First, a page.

Like race and gender, disability has recently become a critical field of study in examining our nation’s heritage. Sparked by the disability rights movement of the late 20th century, disability history both expands and challenges the traditional American narrative of self-reliance, individualism, and opportunity and yields new understandings of such bedrock values as community, family, and citizenship. From the asylum movement of the 19th century and the cover-up of Franklin Roosevelt's paralysis during his presidency to the landmark Americans with Disabilities Act of 1990 (and amendment of 2008) and the impact of every war on veterans’ physical and mental health, the experience of disability—and society’s reaction to it—has changed markedly throughout American history. The definitions of disability have also changed from era to era, revealing competing views, approaches, and attitudes.
Encyclopedia of American Disability History is the first encyclopedia to focus on this important topic in U.S. history. By examining the issues, events, people, activism, laws, personal experiences, and social ramifications of disability throughout American history, this comprehensive three-volume reference provides a new and broader, more inclusive approach to our nation’s past. More than 350 historians, scholars, and experts contributed to the 750-plus articles in this impressive work. Arranged alphabetically, each signed article includes cross-references to related entries and suggestions for further reading. Ideal for the high school and college curriculum, this accessible encyclopedia also includes a comprehensive chronology and dozens of original documents, as well as an extensive bibliography.
- Access and accessibility
- Amputees and amputation
- Architectural Barriers Act
- Blind Boys of Alabama
- Buck v. Bell
- Deaf President Now!
- Disability art and artistic expression
- Disability rights movement
- Down syndrome
- Thomas Gallaudet
- League of the Physically Handicapped
- Little People of America
- Long-term care
- Million Dollar Baby
- Self-advocates and self-advocacy
- South Park
- Special Olympics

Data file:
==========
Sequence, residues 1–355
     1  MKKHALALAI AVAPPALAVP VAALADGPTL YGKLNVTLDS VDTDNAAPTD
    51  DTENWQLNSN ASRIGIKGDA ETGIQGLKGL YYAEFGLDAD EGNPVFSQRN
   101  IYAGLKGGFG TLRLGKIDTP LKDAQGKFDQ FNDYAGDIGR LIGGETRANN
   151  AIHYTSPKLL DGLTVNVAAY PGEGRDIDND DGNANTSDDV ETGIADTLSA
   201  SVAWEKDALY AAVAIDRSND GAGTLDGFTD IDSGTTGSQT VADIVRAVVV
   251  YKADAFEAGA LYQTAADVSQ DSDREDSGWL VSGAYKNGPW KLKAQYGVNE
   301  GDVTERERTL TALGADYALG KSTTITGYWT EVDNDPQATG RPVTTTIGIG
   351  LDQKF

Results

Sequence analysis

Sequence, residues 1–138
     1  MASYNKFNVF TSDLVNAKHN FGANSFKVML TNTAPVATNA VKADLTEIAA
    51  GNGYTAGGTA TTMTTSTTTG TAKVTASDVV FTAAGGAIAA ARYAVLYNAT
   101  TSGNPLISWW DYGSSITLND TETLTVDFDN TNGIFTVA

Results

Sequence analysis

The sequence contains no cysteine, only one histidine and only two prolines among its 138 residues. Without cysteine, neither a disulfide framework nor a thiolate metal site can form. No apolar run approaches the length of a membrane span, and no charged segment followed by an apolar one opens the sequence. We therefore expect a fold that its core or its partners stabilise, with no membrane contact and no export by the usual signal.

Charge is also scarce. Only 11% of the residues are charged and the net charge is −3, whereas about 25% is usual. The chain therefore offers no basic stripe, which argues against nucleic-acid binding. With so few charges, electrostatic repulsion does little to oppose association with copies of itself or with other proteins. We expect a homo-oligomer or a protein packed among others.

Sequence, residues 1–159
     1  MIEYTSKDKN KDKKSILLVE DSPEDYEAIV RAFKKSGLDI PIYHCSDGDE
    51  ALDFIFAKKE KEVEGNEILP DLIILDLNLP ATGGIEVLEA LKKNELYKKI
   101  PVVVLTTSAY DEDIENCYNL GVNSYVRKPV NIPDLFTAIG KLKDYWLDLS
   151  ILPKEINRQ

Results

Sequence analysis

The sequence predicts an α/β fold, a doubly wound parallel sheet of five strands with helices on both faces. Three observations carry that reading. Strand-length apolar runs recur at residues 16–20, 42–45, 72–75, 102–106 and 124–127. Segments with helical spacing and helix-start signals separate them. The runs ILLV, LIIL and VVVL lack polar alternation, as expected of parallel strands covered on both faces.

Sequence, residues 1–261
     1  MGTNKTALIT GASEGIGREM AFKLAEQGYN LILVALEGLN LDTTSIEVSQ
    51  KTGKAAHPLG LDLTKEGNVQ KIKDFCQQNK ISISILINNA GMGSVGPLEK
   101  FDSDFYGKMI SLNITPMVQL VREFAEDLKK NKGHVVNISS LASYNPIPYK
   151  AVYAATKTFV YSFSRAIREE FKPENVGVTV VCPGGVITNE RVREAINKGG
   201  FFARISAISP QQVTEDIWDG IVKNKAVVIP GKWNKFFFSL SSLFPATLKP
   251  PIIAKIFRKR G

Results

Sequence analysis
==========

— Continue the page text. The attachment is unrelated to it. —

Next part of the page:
- Ugly Laws
Black-and-white illustrations. Original documents. Index. Bibliography. Cross-references. Chronology. In three volumes.
About the Author(s)
Susan Burch, Ph.D., is an associate professor in the Department of American Studies at Middlebury College and the director of the Center for the Comparative Study of Race and Ethnicity. She is also cofounder and board member of the Disability History Association and has served on the Society for Disability Studies’ board of directors. Her work has been acknowledged with several awards, including a Mellon Seminar Fellowship and a Fulbright lecturing award. She is the author of Signs of Resistance: American Deaf Cultural History, 1900 to World War II; the coeditor of Double Visions: Multidisciplinary Approaches to Women and Deafness; and the coauthor of Unspeakable: The Story of Junius Wilson.
Foreword author Paul K. Longmore, Ph.D., is a professor of history at San Francisco State University and director of the Institute on Disability. He has received numerous grants to develop disability training and studies programs from the U.S. Department of Education, National Endowment for the Humanities, National Council on Disability, and California Foundation of Independent Living Centers. He has written many books and articles, including The Invention of George Washington and Why I Burned My Book and Other Essays on Disability. He is coeditor of both The New Disability History: American Perspectives and the “History of Disability” book series. Among his many honors and awards are the California State University Wang Family Award, Henry B. Betts Award, and Frank Lanternman Award.